Arizona voters decisively backed Proposition 211, the ballot measure requiring disclosure of significant campaign contributions.
Proposition 211 measure drew strong bipartisan in opinion polls and the support of allies such as the League of Women Voters and the Arizona Alliance of NonProfits. Former Gov. Fife Symington, a Republican, spoke in favor of the measure — creating a common interest between the two former rivals for the Governor’s Office.
Symington argued that candidates and proposition proponents who have to contend with dark money attacks are like “being in a boxing match with an opponent you can’t see.”
Read the full article here at AZ Central.
Gov. Symington pens an editorial strongly supporting Proposition 211:
I had the pleasure of serving as your governor during a simpler time. A simpler time when you actually knew who your political opponent was.
Today, running for office requires great risk and great courage. Risk that you never know who your actual political opponent might be. It’s like being in a boxing match with an opponent you can’t see. It takes substantial courage to fight someone you can’t even see.
It is time to end that.
That’s why I am joining Democrats, Republicans and independents asking you to vote “yes” on Proposition 211, the Voters’ Right to Know Act. If passed, any group spending more than $50,000 on statewide campaigns or $25,000 on local campaigns will have to disclose the names of the original contributors who provided the money for the campaigns.
Read the whole op-ed piece in the Arizona Republic.
Former Republican Gov. Fife Symington confirmed that he’s endorsing the Outlaw Dirty Money initiative.
“I just feel it’s out of control,” he told me, referring to dark money spending on Arizona’s political campaigns.
Symington is the highest-profile Republican yet to support turning the lights on Arizona’s campaign-finance system.
Read Laurie Robert’s full op-ed piece here.
The Arizona Republic ran a long feature story on Governor Symington, with an in-depth look at the development of his culinary school and his adjustment to life after politics.
But he thinks he could win again. Symington believes his record is strong, and shakes off the idea that his past could be a burden. He assumes most voters would remember that he was pardoned, that his legal slate has been wiped clean, but also knows a political opponent would likely use it against him.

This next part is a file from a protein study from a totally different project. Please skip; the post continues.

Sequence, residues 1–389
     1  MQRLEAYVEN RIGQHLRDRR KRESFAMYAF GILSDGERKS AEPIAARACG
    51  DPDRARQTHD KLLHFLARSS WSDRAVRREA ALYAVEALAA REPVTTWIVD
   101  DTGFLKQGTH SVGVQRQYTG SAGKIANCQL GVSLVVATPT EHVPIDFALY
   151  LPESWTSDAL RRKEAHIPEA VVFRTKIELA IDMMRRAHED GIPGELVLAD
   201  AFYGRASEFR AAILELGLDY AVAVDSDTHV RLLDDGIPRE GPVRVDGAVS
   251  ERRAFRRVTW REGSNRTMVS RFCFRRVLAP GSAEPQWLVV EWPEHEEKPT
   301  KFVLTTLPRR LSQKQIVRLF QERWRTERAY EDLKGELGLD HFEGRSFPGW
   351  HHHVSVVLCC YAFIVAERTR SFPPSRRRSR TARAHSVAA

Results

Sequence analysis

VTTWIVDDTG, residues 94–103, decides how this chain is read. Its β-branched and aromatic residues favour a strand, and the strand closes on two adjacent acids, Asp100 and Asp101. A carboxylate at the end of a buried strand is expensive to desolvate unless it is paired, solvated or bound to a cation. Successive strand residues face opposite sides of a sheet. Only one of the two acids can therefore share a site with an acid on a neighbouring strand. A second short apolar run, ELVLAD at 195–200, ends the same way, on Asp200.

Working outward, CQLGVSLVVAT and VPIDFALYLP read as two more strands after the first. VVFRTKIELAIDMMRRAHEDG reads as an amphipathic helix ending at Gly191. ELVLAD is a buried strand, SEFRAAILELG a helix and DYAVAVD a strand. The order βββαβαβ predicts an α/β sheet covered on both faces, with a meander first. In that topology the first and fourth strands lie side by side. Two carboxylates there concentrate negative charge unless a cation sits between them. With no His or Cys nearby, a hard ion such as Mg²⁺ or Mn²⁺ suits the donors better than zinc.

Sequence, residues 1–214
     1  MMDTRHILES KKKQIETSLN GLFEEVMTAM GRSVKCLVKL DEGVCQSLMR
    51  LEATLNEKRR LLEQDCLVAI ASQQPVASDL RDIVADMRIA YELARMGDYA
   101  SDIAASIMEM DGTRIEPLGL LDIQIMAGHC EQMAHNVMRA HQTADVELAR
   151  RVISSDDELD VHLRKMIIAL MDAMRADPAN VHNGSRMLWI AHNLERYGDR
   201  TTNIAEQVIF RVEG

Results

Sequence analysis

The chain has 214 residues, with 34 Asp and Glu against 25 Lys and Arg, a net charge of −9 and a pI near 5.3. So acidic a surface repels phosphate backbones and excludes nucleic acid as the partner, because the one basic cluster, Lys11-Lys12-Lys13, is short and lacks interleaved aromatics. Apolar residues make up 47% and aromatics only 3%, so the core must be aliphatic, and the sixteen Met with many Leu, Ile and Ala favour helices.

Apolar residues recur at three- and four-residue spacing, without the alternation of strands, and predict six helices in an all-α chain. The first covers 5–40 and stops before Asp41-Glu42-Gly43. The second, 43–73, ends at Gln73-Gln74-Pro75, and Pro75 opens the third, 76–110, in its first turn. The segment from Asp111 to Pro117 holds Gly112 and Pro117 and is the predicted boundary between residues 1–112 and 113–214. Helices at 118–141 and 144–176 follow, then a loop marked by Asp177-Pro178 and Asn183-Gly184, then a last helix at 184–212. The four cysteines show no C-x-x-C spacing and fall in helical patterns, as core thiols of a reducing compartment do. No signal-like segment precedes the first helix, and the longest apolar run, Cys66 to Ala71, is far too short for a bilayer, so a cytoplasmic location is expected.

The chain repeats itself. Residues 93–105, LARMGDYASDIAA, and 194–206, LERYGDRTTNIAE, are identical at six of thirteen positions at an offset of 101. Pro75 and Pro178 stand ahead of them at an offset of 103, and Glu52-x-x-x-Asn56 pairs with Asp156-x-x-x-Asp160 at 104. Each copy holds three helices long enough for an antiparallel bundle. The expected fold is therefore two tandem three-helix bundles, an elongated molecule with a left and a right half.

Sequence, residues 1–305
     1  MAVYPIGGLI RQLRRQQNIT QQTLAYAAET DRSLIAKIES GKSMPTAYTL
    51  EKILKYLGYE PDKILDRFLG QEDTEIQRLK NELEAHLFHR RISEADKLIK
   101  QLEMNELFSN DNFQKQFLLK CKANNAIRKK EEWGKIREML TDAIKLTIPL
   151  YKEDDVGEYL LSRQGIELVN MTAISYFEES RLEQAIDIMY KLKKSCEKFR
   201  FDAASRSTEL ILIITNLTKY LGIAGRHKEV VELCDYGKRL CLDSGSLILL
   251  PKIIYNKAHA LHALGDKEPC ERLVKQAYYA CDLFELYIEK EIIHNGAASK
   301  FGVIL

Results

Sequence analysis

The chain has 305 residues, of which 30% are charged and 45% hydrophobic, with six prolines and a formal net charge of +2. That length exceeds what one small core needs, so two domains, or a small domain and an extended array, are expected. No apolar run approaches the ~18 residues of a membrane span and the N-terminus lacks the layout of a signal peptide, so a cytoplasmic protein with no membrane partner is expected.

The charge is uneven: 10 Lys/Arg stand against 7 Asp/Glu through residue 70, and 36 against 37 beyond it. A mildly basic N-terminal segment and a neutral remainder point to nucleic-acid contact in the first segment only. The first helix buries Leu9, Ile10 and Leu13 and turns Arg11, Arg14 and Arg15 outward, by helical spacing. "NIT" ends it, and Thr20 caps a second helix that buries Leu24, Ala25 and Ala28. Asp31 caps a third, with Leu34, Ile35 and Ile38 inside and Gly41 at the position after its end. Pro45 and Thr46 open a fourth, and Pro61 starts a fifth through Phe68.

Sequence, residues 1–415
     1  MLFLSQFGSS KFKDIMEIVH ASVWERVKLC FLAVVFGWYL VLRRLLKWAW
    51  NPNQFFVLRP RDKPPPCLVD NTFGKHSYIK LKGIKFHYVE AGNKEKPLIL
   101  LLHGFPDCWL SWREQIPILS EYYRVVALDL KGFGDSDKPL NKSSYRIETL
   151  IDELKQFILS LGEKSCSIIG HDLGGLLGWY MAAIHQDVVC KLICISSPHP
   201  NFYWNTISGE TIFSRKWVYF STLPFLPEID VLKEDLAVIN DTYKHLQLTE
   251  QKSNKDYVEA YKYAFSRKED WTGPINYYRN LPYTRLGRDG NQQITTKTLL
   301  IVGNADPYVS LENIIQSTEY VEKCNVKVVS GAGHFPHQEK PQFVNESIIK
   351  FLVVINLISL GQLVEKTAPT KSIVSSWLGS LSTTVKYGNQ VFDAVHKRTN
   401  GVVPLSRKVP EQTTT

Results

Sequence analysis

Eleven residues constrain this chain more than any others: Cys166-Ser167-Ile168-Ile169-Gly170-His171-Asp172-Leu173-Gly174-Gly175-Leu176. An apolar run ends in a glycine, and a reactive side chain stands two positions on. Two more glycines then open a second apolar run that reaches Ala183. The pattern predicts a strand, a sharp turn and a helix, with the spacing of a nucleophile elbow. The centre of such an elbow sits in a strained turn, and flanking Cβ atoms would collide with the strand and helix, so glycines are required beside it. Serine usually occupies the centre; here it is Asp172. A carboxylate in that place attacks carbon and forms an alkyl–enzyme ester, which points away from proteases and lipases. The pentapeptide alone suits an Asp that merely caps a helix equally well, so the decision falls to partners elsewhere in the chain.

It’s a nice thought, but there’s so much he’d have to risk, so much he’d have to give up. He found happiness in irrelevance. He cooks impossible dishes and tears through history books and pesters his friends with political gossip. Symington splits time between Santa Barbara — in what he calls “the Socialist Republic of California,” where his wife, Ann, lives — and Phoenix, where he’ll never leave. His kids are their own successes. Really, he’s fine with all of it.
Read the full article here.
From last month came some sad news: celebrated Arizona historian Jack August Jr. passed away on January 20. August had been working on a biography of former Governor Symington that was apparently nearly two-thirds complete.
From the Arizona Republic article:
He also “pursued” Republican former Gov. Fife Symington for six or seven years in the hope of writing his life story, says Symington, who adds that he initially was not interested in the project.
Then he met Jack.
“I decided I really liked him,” said Symington. The two began working together about three years ago and became good friends.
And from the New Times article:
“He was into every aspect of my life,” Symington explains. “He’s such a unique person. It would be very, very difficult for anyone to kind of pick it up and keep going. I’m really going to miss him.”
But the good professor — whose death now is mourned by Arizona’s political elite, from Republican Secretary of State Michele Reagan to Phoenix’s Democratic Mayor Greg Stanton — was at heart a Phoenix boy, who never lost the common touch, and was as much at home with paupers as with princes.